Even from a distance, you can hear the sound of Kente. It is a garment but it has its own music in the making. The weaver even dances to the tune. Since the weaving process engages all the body parts, the weaver tends to unconsciously and uncontrollably move to the rhythm.
Obviously, dancing is not part of the weaving process but the process itself brings the impression or assumption of dance. The weaving machine or looming machine is usually a wooden framework with the fabrics or treads connecting to it as an extension.
Kente is a word derived from the word Kenten, which means Basket in the Asante language. The Akan’s also refer to Kente as Nwentoma. Which is directly translated as Weaved-Garment. It is indeed a royal cloth or garment worn only to grace important occasions. Kings and queens wear this cloth. In the Ashanti kingdom, the type of Kente worn by the King should not be worn by any other hosted king or chief. You will be stripped off it and be given another one which is below the King’s. So Kente is also used to define the supremacy of power at a particular gathering.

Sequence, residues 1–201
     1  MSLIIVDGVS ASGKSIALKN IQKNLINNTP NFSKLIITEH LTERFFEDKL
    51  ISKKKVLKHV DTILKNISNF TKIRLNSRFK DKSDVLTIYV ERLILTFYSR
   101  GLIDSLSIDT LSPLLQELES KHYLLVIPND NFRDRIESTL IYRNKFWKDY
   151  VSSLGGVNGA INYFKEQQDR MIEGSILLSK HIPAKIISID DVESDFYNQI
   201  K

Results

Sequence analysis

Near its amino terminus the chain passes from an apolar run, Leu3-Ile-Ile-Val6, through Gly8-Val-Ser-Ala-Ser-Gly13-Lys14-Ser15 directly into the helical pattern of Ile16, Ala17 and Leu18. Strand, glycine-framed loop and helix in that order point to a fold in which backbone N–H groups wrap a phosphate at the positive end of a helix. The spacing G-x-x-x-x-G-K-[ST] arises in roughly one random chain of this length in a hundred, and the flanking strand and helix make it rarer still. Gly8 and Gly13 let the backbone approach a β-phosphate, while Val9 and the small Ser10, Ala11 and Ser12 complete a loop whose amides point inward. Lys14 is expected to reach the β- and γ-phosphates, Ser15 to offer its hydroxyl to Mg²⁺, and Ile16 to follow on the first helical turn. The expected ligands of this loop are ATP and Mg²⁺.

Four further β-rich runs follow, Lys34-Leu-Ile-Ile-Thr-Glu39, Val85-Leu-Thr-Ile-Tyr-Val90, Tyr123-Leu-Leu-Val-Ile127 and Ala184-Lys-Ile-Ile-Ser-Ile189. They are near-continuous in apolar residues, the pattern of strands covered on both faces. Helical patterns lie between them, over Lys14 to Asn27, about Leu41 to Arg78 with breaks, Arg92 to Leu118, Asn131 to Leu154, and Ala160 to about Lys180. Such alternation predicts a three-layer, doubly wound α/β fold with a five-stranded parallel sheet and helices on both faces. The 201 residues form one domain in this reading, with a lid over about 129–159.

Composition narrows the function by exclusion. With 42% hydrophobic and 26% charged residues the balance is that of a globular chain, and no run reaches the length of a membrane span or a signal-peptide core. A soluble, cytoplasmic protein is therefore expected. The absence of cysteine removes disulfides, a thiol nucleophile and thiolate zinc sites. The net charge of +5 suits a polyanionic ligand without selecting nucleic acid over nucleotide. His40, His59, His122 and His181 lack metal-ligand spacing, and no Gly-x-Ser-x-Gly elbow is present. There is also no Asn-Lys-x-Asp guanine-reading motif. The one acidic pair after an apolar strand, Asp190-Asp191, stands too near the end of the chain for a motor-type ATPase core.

Historically, Kente cloth is from the Ashanti people. There is a small town in Ashanti region called Bonwire, it is the home of Kente. About 375 years ago, two brothers (Kurugu and Ameyaw) from the village got the inspiration from a spider spinning its web. Their first ever made cloth was from the black and white fibers of raffia tree. And this went through years of corrections and perfections even to this day.
Let’s watch a video on that fro youtube: